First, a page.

Lack of Uniform Standards
Costly and restrictive regulations impact providers’ ability to practice in more than one state. Most medical residents, after completing a rigorous training program in their chosen specialties, opt to stay in the state where they trained. They do so, in part, because it is easier. During residency training, they obtain the license, hospital privileges and numerous certificates that are required to practice in one state, and do not want to duplicate the time-consuming effort elsewhere. The bureaucratic roadblocks to begin work as a licensed medical professional in another state hinder underserved hospitals’ efforts to attract new staff.
States and health care organizations are devising incentives to attract health care workers to underserved regions, but the task is an uphill battle.
In contrast to inconsistent regulations, standards for medical education and training in this country are fairly uniform, with advancement in medical science remaining irrelevant of state lines and public laws. Physicians take a national examination and fulfill certification requirements that do not vary by state. Medical school admissions criteria and curricula adhere to the same basic and uniform standards for specialty certification.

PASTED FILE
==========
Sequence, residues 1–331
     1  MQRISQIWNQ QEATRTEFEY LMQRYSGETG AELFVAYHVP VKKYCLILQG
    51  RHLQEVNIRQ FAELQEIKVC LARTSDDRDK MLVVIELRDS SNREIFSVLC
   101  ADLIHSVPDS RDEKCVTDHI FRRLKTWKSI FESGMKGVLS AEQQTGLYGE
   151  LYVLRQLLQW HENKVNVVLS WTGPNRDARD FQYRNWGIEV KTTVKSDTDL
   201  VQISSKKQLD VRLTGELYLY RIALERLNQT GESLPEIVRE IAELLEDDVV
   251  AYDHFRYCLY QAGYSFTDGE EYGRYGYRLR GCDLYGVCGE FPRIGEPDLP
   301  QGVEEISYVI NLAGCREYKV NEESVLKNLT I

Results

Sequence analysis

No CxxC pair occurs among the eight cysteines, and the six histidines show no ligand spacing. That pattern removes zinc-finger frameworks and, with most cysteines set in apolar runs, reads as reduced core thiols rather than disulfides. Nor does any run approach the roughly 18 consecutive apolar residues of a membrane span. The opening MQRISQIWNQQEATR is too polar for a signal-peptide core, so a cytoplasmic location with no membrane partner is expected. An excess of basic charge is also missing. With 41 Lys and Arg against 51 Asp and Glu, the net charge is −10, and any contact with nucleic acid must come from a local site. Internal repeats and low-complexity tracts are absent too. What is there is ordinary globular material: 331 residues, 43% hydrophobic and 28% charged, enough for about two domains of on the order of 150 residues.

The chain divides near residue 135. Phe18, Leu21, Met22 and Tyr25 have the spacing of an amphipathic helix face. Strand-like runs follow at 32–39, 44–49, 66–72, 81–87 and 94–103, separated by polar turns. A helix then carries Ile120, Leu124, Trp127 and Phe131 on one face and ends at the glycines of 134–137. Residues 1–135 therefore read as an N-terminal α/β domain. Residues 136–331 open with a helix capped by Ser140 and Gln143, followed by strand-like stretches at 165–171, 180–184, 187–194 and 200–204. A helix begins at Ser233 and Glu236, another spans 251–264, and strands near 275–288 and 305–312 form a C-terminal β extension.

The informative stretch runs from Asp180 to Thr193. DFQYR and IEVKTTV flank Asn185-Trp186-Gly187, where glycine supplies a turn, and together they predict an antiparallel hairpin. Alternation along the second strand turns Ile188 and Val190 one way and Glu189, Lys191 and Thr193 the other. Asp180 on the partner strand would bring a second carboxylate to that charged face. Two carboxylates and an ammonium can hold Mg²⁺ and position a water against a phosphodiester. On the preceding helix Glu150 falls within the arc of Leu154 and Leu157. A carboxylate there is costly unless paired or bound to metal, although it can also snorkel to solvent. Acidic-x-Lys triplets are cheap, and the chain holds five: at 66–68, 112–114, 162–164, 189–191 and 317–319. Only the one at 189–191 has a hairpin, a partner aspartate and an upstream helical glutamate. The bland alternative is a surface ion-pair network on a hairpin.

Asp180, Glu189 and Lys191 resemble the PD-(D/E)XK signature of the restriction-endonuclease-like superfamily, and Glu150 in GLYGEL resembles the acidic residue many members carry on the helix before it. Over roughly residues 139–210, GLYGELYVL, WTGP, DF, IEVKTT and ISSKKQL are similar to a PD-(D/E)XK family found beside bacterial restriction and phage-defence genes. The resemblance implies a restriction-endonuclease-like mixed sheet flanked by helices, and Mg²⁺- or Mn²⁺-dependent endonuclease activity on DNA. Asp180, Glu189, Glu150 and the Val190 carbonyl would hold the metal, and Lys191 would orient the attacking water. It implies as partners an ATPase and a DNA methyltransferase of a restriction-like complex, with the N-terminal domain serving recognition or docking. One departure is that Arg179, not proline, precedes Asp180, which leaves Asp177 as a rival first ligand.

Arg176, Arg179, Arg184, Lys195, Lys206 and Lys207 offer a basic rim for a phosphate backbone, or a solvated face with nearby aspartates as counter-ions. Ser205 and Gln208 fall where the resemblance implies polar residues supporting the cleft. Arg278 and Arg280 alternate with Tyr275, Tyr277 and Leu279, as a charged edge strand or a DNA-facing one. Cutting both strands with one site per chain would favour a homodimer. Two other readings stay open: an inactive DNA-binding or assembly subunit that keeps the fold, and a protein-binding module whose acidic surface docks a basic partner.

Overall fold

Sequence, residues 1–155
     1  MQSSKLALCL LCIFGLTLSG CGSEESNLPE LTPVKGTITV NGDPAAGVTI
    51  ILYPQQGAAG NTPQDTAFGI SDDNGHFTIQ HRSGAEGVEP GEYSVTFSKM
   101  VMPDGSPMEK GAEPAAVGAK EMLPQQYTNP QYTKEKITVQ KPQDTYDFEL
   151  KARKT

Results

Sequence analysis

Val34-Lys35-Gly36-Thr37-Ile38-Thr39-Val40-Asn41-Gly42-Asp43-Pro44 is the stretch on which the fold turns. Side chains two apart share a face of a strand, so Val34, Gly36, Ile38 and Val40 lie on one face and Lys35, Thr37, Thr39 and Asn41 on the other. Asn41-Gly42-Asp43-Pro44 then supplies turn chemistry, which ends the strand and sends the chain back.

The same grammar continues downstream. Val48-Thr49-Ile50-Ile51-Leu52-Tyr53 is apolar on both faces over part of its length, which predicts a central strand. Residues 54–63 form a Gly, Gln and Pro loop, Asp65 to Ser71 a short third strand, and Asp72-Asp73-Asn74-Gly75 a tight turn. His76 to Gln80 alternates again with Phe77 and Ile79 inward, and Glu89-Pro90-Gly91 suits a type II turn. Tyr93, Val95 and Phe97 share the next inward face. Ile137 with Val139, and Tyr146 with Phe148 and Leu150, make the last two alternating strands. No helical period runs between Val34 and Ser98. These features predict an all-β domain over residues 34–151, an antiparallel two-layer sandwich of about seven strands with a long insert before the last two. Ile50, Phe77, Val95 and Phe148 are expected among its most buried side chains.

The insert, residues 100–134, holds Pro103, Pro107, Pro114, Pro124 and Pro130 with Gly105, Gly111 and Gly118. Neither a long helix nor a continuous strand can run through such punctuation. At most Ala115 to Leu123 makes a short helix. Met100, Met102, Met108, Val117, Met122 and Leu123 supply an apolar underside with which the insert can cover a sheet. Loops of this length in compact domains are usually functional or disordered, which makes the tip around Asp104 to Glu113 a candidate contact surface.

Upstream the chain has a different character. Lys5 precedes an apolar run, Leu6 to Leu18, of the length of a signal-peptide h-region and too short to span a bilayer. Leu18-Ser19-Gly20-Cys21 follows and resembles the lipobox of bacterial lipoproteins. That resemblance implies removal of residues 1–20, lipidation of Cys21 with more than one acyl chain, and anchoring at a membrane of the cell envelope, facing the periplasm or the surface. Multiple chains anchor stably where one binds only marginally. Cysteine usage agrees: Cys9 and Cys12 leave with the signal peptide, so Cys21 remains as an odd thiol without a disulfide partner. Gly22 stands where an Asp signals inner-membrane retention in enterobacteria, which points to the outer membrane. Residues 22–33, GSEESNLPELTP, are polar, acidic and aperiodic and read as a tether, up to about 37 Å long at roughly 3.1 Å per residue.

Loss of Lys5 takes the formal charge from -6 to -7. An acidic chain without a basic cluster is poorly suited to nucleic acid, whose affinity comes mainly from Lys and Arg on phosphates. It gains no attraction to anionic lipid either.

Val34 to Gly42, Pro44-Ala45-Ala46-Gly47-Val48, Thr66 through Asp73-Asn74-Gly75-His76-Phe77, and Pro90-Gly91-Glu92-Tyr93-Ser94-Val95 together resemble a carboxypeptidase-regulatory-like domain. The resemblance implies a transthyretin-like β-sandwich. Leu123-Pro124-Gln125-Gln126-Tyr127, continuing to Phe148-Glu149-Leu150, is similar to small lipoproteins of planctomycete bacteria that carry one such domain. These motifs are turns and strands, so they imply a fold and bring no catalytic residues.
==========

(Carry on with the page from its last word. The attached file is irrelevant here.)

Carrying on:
So, cardiologists in one state expect to have the same medical knowledge and expertise as their counterparts in the adjacent state. Case law supports this “national” standard of quality in physician training. If this were not the case, the disparity would drive health care consumers to seek their care in states with higher standards. I postulate that it is a disparity in technology and resources, not in provider expertise, that drives consumers across state lines to centers with state-of-the-art equipment.
It is illogical to think that geography impacts the treatment of a fever of 104°, a heart attack, a high-risk pregnancy or a pediatric seizure. State borders, socioeconomic status or education levels do not impact a physician’s ability to handle such cases. The practice of medicine is – or should be – standard. Yet we allow laws and insurance regulations to complicate the billing, payment and even medical management of these same conditions. Worse, the malpractice insurance premiums for treating these conditions vary inordinately from state to state.
The fragmented nature of the current system would not and could not be applied to other professions. Imagine the chaos if pilots were only licensed to fly over specific states, or if truck drivers needed separate licenses to cross state lines. Think of the devastating effect such bureaucracy would impose on our economy and public welfare. If we truly value universal health care, we must work toward uniform laws and standards that transcend state lines and institutions.